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New mobile app assists clinicians in assessing menopausal patients

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The MenoPro app from NAMS also contains a component for patients


 

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A new mobile app for iPhone and iPad enables both clinicians and patients to make decisions about menopausal therapies for moderate to severe hot flashes, night sweats, and/or genitourinary symptoms. The app also aids in assessing the patient’s risk of cardiovascular disease, breast cancer, and fracture.

The MenoPro app, developed in association with the North American Menopause Society (NAMS), is available free of charge from Apple. The app is designed to aid in the assessment and management of bothersome menopausal symptoms in women aged 45 and older.

Designed for both clinician and patient
A novel feature of the app is its two modes—one for the clinician and another for the patient. The clinician mode enables risk assessment and decision-making to determine whether hormonal therapy might be indicated and to determine the formulation and dosage of the therapy selected. It also features assessment of the patient’s 10-year risk of cardiovascular disease, her risk of breast cancer using the Gail model, and her fracture risk using the FRAX tool. When hormonal therapies are not appropriate, the app steers the clinician to nonhormonal options.

The patient can make use of the app to learn about her different treatment options, including lifestyle modifications. The app guides her through a self-assessment to gauge how far along she is in the menopausal transition, the severity of her symptoms, and her interest in hormonal or nonhormonal therapy. The app begins by recommending lifestyle changes and behavioral factors that can reduce menopausal symptoms. After a 3-month trial of these modifications, the patient is prompted to visit her health-care provider if further relief is needed.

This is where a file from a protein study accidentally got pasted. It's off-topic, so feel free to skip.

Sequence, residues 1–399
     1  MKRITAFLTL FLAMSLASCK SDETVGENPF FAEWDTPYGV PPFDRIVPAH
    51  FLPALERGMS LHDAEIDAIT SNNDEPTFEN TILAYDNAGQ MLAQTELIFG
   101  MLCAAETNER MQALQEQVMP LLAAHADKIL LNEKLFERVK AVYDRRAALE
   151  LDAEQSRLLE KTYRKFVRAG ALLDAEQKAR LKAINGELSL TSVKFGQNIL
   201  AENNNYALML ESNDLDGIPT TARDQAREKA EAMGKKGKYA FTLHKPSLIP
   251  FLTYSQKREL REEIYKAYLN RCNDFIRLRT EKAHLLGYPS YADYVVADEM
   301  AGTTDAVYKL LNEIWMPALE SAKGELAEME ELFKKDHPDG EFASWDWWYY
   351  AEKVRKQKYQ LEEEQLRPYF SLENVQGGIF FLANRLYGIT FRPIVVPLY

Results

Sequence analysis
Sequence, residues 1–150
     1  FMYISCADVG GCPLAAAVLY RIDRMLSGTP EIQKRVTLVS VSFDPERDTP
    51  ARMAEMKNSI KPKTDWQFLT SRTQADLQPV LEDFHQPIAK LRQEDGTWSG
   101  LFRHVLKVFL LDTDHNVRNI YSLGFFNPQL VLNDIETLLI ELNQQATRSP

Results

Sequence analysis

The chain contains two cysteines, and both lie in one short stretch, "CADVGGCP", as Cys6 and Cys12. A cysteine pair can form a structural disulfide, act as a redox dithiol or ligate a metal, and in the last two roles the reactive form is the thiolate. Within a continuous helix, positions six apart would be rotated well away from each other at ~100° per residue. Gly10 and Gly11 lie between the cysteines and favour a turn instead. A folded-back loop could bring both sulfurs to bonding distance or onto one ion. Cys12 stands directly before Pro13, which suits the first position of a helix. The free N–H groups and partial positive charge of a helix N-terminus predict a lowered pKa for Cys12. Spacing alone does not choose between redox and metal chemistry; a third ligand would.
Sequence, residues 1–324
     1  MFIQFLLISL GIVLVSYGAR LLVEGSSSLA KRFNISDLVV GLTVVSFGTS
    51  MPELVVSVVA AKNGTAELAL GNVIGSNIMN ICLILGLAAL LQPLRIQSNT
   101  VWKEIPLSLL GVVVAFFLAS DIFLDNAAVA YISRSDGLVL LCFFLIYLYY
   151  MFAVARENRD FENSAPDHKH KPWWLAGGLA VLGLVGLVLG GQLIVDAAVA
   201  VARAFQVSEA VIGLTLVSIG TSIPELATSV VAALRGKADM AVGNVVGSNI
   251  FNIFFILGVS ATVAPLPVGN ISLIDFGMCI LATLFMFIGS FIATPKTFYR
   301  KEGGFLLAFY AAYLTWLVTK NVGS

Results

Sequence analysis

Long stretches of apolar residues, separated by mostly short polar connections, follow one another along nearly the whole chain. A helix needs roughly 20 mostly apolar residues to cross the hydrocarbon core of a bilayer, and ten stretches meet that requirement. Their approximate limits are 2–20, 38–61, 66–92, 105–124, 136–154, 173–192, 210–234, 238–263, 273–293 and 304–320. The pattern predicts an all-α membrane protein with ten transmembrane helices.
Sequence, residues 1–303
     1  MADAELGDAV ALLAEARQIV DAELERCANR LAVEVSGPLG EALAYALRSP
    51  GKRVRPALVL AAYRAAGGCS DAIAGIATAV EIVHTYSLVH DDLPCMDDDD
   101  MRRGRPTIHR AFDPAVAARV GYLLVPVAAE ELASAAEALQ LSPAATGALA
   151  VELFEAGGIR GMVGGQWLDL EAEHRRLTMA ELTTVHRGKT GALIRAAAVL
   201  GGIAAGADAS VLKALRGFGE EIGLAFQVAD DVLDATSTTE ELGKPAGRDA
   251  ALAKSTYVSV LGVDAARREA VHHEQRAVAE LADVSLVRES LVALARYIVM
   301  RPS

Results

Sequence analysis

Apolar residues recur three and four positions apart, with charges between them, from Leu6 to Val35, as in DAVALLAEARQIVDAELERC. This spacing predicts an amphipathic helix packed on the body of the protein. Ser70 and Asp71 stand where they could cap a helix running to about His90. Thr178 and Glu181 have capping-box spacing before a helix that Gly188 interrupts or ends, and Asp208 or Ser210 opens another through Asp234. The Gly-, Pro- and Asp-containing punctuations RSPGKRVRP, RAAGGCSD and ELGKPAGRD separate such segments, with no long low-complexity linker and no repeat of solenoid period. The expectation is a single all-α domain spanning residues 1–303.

Only FDA-approved drugs are recommended
“The app is completely up to date in terms of information about the newest medications that have been approved by the US Food and Drug Administration,” says JoAnn E. Manson, MD, DrPH, current chair of the NAMS Scientific Program and a past president of NAMS. Dr. Manson is Chief of the Division of Preventive Medicine at Brigham and Women’s Hospital in Boston. She also is Professor of Medicine and the Michael and Lee Bell Professor of Women’s Health at Harvard Medical School.

“The app focuses on FDA-approved medications, including off-label use of medications that may be commonly prescribed in practice to treat hot flashes, such as selective serotonin reuptake inhibitors (SSRIs) and serotonin-norepinephrine reuptake inhibitors (SNRIs),” she says.

“I think another big advantage is that very often clinicians who are managing patients during the menopausal transition or in early menopause may not be thinking that much about cardiovascular risk or even know how to evaluate it or make use of a 10-year risk score. So the app really helps them to become very familiar with the evaluation of cardiovascular risk, breast cancer risk, and fracture risk, and provides them with the resources to make use of the information.”

An algorithm is available within the app
The app is based on an algorithm that can be accessed within the app by choosing the “About” button. Another feature: the clinician can email a summary of the patient’s assessment directly to her, along with links to resources on a variety of relevant topics.

Algorithm available within MenoPro.

“In the future, there is a plan to have the app available for other mobile phones and tablet devices in addition to the iPhone and iPad,” says Dr. Manson. “We also hope to have it incorporated into electronic health records, where it could be used for clinical decision-making within the record.”

The app is not intended to replace clinical judgment, she adds. “I think clinicians are really familiar with the concept that, when you’re using an app, clinical judgment remains paramount. The app is not going to replace the clinician’s own discernment of what is going on with the patient.”

For detailed information, see an article on the app in the journal Menopause, available at http://www.menopause.org/docs/default-source/professional/our-new-paper.pdf

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